“This renovation has upgraded the oldest recreation center in our park system that had not received a major renovation since its initial construction, completed in 1938,” said Phil Ginsburg, SF Rec and Park General Manager. “With more than $22 million in improvements around Glen Canyon Park and its recreation center, we have expanded options for indoor and outdoor recreation for our community with diverse recreational interests.”
Glen Canyon is also home to SF Rec and Park’s Silver Tree Day Camp. The summer program was established in 1941 to expose city children to the benefits of nature – right in their own backyard. There was no building, but rather tents were set up to accommodate the day campers. Today, Silver Tree Day Camp has become one of the most popular camps in the City. Beyond Silver Tree Day Camp, Glen Canyon Park offers dynamic recreational opportunities to all people of all ages, from indoor and outdoor sports, to hiking and biking, children’s play, arts and crafts, and so much more.
“The Glen Park Association (GPA) was proud to partner with SF Rec and Park during the recent renovation to the Glen Park Recreation Center,” said Scott Stawicki, President of Glen Park Association. “Many GPA members worked on community outreach for the new Recreation Center, providing a variety of constructive comments and ideas during the renovation’s planning and design phases. Presenting our community with opportunities to work with city agencies like SF Rec and Park on public projects is a central goal for the GPA. We look forward to many more projects in the future.”
In 2011, SF Rec and Park partnered with the Trust for Public Land (TPL) to host a series of six community improvement workshops, which determined the project plan and the scope of work. TPL gifted the project improvement plan to the City in order to extend the funds that the City can spend on capital improvement. The gift came from the Coastal Conservancy through The Trust for Public Land.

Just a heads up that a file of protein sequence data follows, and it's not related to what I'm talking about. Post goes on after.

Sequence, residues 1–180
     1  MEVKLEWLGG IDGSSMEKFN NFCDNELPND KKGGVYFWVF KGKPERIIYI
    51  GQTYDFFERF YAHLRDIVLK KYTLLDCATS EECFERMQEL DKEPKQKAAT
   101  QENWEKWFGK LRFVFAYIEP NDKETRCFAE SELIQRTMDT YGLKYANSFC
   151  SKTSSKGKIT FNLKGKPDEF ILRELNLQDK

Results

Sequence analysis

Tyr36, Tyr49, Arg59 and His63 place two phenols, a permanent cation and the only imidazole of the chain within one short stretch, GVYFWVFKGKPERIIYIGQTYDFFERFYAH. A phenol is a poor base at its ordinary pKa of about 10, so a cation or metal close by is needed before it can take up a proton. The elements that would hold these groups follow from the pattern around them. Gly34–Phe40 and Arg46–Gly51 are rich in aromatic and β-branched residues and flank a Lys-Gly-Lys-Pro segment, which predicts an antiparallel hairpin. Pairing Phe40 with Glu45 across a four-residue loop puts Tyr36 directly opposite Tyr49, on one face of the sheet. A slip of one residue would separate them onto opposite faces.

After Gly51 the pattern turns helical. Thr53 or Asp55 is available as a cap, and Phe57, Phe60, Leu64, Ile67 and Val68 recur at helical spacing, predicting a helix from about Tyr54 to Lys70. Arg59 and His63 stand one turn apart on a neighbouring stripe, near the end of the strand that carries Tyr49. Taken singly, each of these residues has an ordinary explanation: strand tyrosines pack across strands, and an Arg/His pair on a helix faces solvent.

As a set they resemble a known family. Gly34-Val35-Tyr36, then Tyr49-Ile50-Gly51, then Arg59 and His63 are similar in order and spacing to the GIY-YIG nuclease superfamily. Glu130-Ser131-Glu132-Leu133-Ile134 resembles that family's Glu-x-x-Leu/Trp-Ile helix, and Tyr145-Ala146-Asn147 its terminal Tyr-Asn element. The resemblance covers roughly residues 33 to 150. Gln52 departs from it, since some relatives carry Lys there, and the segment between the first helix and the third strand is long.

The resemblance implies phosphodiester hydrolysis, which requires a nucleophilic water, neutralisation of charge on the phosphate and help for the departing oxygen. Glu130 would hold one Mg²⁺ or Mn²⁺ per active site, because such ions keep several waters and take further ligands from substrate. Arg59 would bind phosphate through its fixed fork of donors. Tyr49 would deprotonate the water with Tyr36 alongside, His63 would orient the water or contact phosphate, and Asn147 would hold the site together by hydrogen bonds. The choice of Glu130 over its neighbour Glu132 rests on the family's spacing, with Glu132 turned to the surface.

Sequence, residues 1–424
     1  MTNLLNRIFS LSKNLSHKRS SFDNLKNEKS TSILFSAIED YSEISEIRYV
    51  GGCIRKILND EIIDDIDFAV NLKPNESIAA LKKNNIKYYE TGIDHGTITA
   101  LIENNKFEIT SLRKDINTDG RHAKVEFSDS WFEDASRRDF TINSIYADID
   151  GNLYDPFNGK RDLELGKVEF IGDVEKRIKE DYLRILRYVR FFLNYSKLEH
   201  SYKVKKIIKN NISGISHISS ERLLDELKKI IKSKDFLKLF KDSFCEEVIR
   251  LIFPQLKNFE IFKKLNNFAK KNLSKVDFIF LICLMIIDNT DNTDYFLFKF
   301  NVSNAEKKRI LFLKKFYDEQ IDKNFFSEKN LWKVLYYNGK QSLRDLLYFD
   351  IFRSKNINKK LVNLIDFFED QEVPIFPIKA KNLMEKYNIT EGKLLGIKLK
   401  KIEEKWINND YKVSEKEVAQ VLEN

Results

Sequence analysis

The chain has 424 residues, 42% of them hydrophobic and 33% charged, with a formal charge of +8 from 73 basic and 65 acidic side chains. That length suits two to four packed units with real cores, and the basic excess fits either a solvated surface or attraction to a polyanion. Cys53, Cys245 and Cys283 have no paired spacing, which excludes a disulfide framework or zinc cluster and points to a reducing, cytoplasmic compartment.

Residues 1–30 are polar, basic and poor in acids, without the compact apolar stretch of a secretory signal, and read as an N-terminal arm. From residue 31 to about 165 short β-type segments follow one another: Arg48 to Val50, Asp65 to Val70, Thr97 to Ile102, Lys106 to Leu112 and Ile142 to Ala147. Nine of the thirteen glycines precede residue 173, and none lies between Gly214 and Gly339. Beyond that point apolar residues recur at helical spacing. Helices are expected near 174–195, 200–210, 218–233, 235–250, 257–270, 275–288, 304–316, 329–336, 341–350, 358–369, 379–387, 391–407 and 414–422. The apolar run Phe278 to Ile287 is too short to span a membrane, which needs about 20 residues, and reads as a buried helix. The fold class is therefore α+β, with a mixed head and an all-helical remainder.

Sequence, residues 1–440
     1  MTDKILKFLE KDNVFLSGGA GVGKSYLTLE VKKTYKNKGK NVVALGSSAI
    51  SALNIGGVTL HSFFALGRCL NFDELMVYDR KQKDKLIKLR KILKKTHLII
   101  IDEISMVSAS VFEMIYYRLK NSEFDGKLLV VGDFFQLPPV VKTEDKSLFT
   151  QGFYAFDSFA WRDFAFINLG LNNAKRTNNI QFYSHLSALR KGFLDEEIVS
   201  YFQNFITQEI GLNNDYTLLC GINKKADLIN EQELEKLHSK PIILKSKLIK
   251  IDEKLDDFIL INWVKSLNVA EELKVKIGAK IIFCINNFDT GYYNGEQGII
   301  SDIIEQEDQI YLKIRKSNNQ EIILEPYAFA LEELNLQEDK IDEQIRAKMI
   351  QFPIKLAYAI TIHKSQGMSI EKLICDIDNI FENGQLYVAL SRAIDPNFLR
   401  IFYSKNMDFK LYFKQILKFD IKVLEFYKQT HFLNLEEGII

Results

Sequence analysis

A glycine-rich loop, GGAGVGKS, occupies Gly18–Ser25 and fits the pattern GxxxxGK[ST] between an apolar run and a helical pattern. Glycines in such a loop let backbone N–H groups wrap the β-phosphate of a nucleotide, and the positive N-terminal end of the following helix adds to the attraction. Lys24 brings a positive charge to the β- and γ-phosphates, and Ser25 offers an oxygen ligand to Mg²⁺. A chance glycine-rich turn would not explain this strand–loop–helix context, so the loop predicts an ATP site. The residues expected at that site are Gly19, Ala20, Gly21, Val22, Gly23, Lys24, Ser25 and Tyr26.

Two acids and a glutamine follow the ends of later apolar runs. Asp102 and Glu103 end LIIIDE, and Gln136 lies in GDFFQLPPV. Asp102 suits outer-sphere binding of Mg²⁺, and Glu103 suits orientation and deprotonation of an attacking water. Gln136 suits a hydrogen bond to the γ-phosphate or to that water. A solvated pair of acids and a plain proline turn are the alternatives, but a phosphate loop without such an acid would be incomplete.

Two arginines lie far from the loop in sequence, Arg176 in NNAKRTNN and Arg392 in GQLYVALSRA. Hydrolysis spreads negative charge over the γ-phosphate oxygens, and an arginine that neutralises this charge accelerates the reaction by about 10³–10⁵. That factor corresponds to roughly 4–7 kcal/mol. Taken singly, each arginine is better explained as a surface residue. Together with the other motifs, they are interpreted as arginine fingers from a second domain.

“It is great to see this incredible recreational resource in the heart of San Francisco being preserved, and stewarded into the 21st century. This is a great example of the power of a community coming together behind a vision,” said Alejandra Chiesa, director of The Trust for Public Land’s San Francisco program.
Moreover, the new Glen Park Canyon Recreation Center features a new public art project by Charles Sowers, a local artist known for seamlessly melding his love of science into his art. Inspired by 19th-century meteorological instruments that used a spherical glass lens to burn a sunshine record on a substrate of wood or paper, Solar Totems is a sculptural data-logger made from three reclaimed redwood logs that creates an archive of the interaction of sun, weather and site.
“I want to congratulate the Recreation and Park Department on the superb renovation of the Glen Park Canyon Recreation Center,” said Director of Cultural Affairs Tom DeCaigny, “We were thrilled to have the opportunity to commission Charles Sowers who has created an artwork that speaks to the natural wonder of this unique urban park.”
“The Glen Park Recreation Center renovation project is a spectacular demonstration of how we can incorporate a 21st-century design into a historic building and make it work majestically,” said Public Works Director Mohammed Nuru, whose staff designed and managed the project.